From Basingstoke, England, junior goalkeeper Paulina Dziubek arrived in the United States with two suitcases. She previously attended Cowley County Community College in Kansas, and this marked her first time in Oklahoma.
She arrived after all the other players because of her flight delay. She met a few girls and told them to call her Paula or Paul, which got a few laughs. Despite expressing fear and uncertainty about her new environment, Dziubek said the thought of playing soccer kept her happy and excited, not sad.
The first day of practice came and went, and Paula spent it with compliance and the athletic trainers getting all her paperwork sorted out. She attended practice in the meantime, but instead of playing stood on the sideline watching the team run fitness tests and do soccer drills.
Throughout the first week, Dziubek ran from building to building hearing one thing from compliance, another from the international office and even another thing from the NCAA.
Frustrated, Dziubek said, “If I knew how much work I had and how long it was, I would have gone to a four-year university right away.”
From the compliance to international office in100-degree heat, Dziubek ran, not for soccer, but she still got her steps in.
“It was a bit complicated,” Dziubek said. “Everyone was sending me to a different place. I was basically left on my own for most of it, until I found the right person.”
To be approved by the NCAA, Dziubek needed a high school transcript to prove her academic status and measure her years of eligibility, even though she had already attended a community college. The problem arose from the communication between her high school and the NCAA. Her high school does not keep track of transcripts, so Dziubek had to track down her original copy.
Mike Farris, director of compliance, said she had to provide an official high school transcript for NCAA reasons.
“The big thing with transfers is they are far removed from high school, and so the NCAA wants high school transcripts to establish when they graduated from high school for the purpose of determining if they need to investigate them for amateurism issues and years of eligibility,” Farris said. “They won’t accept anything other than official documents. With internationals, it’s very difficult to talk to their schools and, often, the students themselves struggle to get information from their schools.”
Her gloves and cleats sat in her bag, waiting, and she was waiting too—to play the game she loved and frustrated at something she could not understand or control.
Dziubek arrived in America on Aug. 15. The NCAA cleared her on Sept. 4, three weeks after her arrival.
She tried to handle all the paperwork over the summer but having never dealt with the NCAA before and not truly knowing, she struggled to understand the process.
“I signed up [for the NCAA], and I had this checklist,” Dziubek said. “I emailed them all the stuff on the checklist, because I thought that’s what I had to do. Then, I found out the email I used could only be used for colleges and schools to send to NCAA and there was no other email for me to use. I finally found a link on the NCAA website for inquiries, which was very well hidden, and then things started rolling.”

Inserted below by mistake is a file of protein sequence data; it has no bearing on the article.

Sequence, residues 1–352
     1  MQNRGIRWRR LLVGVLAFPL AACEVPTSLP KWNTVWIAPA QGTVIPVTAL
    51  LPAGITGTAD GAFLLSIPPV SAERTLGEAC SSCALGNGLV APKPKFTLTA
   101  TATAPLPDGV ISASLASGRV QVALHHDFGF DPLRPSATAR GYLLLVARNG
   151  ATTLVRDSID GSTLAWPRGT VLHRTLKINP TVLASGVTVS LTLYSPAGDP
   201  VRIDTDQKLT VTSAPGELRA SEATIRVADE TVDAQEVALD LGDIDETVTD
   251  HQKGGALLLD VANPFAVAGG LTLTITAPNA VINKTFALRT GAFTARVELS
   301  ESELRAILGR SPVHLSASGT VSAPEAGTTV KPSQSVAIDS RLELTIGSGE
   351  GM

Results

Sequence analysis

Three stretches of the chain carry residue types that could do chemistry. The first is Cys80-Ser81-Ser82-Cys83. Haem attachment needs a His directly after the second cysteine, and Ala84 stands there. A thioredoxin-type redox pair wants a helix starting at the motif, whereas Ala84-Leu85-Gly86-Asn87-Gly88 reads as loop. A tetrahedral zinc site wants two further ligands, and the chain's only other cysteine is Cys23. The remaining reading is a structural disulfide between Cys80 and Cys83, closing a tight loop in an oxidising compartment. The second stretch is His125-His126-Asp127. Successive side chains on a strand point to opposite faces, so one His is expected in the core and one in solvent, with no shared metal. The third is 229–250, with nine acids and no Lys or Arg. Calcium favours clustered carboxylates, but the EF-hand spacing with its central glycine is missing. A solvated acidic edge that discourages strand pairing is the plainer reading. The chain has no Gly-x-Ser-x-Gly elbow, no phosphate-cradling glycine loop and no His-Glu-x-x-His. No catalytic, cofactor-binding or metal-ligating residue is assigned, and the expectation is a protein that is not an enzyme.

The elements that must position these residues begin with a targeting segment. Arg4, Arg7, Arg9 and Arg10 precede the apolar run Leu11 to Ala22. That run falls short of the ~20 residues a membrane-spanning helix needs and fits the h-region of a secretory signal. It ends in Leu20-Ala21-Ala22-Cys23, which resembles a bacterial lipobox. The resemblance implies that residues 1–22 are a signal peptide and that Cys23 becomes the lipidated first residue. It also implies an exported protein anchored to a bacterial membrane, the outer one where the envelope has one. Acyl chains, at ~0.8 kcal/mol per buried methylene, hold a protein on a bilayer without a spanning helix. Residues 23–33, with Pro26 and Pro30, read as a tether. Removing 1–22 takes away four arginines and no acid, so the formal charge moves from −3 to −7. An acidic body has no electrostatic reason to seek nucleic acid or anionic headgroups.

Farris said he tries to keep the coaches and athletes on track throughout the summer.
“When they sign up for the NCAA, the NCAA gives them tasks,” Farris said. “I’m watching this from afar. We get 400 student athletes so I can’t do that daily. I look at it every once in a while, and I send the coach a note saying, ‘This athlete still has these tasks,’ and then they’ll contact the student athlete. I still prompt the coaches that they have tasks to do.”
The soccer season starts a week into the semester, meaning Dziubek missed two weeks of training and two weeks of playing with the team.
“I think the NCAA needs to be more clear with international students,” Dziubek said. “I know I’m not the first international student ever from England to transfer. Their website needs to be more understandable or even provide an info line.”
Apart from the NCAA, Dziubek said she believes Oklahoma Christian can also take steps to improve the process with international athletes.
“I think they need to be informed more, so the coaches know who to work with and the compliance office can know who to work with in the school,” Dziubek said. “Everyone needs to communicate better and work together to know their role in helping students with the NCAA process. Someone should have told me earlier specifically what I needed to do.”
Dziubek said Farris communicated with her over the summer, but she did not know his role or the assistance he could provide.
“I knew of him because he sent me the letter of intent and stuff, but I didn’t really know what his role was,” Dziubek said. “Maybe if he sent out an email saying, ‘Hey this is what I can help you with or if you have any other questions’ to make me realize who I could contact and what I needed to do.”